Playwright: Conor McPherson. At: Irish Theatre of Chicago at The Den, 1333 N. Milwaukee Ave. Tickets: $26-$30. Runs through: Jan. 22
Our locale is a tavern in rural Ireland, close enough to seaside Ulster counties to attract summer vacationers, but this is not the nostalgic-mythic Ireland beloved of tourists.
Pubkeeper Brendan may live on the premisesindeed, own the surrounding farmlandbut his customers are equipped with modern accoutrements like cars and telephones. To be sure, Valerie, the lone woman among the regulars on this off-season night, is a city girlhence her chic ski pants and high-heeled bootsescorted by real-estate agent Finbar, from whom she has just purchased a nearby house. Upon their arrival, local tradesmen Jack and Jim proceed to entertain their new neighbor with shivery tales of the region's paranormal activity.
Conor McPherson's play premiered in 1997, but audiencesand actors too, for that matterare still puzzling over a text seemingly composed of nothing more than five selections from its author's stockpile of monologues. The men engage in some male-bonding horseplay, but overt flirtation is not the province of bachelors who care for aged mothers, nor does Valerie's arrival presage any changes in the social order beyond wine being served at the front bar and the ladies' lavatory being rendered functional. Theatergoers anticipating violent action or cataclysmic plot reversals, however, will be blinding themselves to the dynamic in progress.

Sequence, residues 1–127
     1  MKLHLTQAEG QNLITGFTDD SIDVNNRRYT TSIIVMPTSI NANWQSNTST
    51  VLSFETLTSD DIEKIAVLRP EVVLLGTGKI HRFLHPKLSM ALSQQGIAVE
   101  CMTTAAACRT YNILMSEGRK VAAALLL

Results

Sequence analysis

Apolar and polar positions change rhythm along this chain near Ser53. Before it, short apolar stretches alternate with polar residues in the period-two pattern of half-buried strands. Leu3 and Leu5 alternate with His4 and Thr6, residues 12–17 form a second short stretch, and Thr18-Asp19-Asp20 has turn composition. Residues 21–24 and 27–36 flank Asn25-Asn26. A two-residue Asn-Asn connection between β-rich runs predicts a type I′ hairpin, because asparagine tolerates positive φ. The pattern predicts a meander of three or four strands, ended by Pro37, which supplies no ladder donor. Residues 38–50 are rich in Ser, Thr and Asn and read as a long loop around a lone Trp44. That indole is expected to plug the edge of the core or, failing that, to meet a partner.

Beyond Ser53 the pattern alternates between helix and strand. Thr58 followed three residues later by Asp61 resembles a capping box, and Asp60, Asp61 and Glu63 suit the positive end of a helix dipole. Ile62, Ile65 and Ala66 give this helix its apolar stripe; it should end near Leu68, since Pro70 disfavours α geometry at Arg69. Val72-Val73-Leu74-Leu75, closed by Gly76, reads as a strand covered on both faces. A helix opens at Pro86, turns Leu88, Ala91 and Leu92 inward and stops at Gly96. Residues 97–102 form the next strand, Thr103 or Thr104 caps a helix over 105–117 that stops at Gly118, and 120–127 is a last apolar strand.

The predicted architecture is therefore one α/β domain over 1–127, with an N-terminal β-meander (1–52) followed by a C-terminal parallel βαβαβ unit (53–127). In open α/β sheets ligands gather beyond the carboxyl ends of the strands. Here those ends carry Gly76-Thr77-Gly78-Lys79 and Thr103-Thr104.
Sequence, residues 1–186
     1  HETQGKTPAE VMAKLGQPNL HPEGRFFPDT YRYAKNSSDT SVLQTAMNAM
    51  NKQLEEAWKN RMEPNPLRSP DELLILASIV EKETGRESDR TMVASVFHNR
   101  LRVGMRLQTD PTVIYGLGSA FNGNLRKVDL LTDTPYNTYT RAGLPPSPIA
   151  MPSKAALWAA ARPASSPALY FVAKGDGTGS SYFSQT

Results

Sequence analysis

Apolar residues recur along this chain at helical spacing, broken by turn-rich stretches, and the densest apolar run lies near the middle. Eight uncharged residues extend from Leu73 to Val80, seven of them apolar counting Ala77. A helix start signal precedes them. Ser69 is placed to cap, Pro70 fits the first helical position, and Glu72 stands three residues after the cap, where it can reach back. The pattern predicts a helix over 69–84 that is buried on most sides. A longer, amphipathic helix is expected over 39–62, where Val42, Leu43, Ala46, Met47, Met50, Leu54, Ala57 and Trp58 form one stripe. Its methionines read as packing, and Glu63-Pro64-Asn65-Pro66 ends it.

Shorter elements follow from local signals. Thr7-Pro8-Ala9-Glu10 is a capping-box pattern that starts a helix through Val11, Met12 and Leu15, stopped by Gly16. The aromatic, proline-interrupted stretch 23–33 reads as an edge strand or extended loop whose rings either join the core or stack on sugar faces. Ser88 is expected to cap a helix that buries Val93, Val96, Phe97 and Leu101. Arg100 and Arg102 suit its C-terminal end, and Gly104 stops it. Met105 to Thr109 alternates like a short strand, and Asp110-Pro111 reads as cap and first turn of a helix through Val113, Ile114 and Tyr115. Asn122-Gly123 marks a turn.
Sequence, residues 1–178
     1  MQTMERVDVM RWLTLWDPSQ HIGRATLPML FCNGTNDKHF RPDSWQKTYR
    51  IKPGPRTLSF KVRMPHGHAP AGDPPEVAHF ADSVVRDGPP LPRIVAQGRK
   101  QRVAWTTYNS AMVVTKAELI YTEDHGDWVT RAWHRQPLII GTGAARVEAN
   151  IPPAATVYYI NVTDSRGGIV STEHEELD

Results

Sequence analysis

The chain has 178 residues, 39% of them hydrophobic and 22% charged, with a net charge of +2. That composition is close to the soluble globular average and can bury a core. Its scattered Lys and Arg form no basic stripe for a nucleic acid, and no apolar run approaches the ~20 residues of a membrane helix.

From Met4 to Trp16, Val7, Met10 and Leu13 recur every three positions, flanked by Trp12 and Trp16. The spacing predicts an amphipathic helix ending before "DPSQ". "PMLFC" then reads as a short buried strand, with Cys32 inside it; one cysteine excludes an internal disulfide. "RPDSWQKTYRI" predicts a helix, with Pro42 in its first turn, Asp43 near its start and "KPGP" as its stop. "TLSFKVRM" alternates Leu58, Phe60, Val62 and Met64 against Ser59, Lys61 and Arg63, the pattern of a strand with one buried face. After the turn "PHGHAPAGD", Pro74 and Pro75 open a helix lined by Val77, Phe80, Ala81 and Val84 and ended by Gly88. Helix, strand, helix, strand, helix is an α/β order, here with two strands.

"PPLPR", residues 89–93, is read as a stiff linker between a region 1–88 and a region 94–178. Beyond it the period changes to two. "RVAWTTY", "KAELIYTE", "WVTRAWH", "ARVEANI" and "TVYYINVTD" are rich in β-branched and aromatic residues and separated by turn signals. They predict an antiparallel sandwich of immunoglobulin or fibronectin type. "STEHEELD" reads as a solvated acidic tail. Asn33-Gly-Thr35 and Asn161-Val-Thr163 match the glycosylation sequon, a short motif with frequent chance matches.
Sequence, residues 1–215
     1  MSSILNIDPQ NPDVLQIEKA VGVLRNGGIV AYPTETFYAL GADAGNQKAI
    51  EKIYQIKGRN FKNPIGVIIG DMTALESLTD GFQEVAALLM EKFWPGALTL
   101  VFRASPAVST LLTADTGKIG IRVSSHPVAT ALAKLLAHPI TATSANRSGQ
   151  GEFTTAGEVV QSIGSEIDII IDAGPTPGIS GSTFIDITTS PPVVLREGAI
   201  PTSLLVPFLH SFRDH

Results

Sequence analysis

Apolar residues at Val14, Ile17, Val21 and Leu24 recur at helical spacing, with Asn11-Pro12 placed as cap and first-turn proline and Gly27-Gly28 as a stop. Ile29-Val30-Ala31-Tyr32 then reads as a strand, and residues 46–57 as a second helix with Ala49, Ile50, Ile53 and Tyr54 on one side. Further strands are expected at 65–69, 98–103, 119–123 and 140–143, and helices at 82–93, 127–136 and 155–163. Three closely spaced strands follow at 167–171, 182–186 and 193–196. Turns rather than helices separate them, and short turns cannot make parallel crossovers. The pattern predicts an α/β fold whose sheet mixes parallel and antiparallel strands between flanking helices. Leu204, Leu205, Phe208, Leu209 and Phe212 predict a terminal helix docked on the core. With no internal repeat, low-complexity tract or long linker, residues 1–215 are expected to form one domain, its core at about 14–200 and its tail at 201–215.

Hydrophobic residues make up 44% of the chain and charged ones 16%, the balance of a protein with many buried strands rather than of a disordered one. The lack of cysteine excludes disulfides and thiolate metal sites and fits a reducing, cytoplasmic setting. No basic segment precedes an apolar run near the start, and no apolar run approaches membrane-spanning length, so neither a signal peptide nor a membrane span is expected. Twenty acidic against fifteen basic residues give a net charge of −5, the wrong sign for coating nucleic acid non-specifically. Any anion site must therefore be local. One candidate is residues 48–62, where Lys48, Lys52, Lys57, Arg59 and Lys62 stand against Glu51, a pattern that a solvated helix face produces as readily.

Our first story, you see, is Jack's third-hand account of unexplained noises witnessed by a long-dead ancestor. Our second is Finbar's anecdote of a spectral sighting by a personal acquaintancean incident having an influential effect on his own life. The third is Jim's first-hand recollection of having, himself, encountered a revenant spirit. None of the gallant raconteurswho are quick to suggest possible rationales for the eerie occurrences, lest they frighten their guestare prepared to hear the circumstances driving Valerie to seek a ghost-friendly environment, though. Some are discomfited by her revelation, but ultimately, Jack and Brendan assure her that she is not the only one in the room to be haunted by regret-inspired visions.
Irish Theater of Chicago lives up to its baptismal name of "Seanachai" ( Gaelic for "storyteller" ) under the deft direction of Siiri Scott, who ensures that no moment is wasted in actorly posturing nor any narrative advancement rushed to its conclusion ( despite the performance time spanning a mere 90 minutes ). Three of the cast membersSarah Wellington, Jeff Christian and Brad Armacostreprise their roles from the company's 2010 production, joined by Bradley Grant Smith and Dan Waller ( the latter growing nicely into character parts ). On dark winter nights when winds howl and restless souls walk, playgoers will find welcome refuge in this shabby oasis tucked into Wicker Park's Den Theater.